12 April 2007 Edition
‘An Phoblacht’ welcomes readers’ letters. Letters in Irish or English should be kept short (no more than 200 words) and typed or handwritten clearly, double-spaced and on one side of the paper only. Name and address should be supplied for verification, but these will not be published if we are so requested.
Cuireann ‘An Phoblacht’ fáilte roimh litreacha ónár léitheoirí. Scríobh i nGaeilge nó i mBéarla. Is fearr litreacha gearra (200 focal ar a méid) clóscríofa nó lámhscríofa go soiléir ar thaobh amháin den leathanach. Cuir ainm agus seoladh leis ach ní fhoilseoimid iad seo más é do thoil.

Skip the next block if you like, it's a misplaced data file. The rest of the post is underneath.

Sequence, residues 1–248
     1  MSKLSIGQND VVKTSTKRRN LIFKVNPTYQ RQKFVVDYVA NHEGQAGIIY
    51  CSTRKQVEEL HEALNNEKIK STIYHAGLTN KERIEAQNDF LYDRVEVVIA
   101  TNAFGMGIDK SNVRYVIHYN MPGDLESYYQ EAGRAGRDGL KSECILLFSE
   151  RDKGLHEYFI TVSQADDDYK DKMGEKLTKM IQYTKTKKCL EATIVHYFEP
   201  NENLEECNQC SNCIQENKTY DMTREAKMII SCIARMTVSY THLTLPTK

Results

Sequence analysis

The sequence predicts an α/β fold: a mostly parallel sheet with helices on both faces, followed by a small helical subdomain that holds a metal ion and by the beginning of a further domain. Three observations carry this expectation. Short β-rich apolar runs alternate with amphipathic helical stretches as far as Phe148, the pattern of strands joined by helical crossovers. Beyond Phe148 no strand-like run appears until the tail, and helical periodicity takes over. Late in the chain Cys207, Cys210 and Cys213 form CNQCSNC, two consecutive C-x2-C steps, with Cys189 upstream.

Emma Groves — she lost her sight but not her vision
Please allow me to say a few words about Emma Groves on behalf of the Troops Out Movement. She was blinded by a rubber bullet in 1971 which was shot through her own living room window by a British soldier. She never got justice, no one was ever charged with the shooting and the British army knows who did it.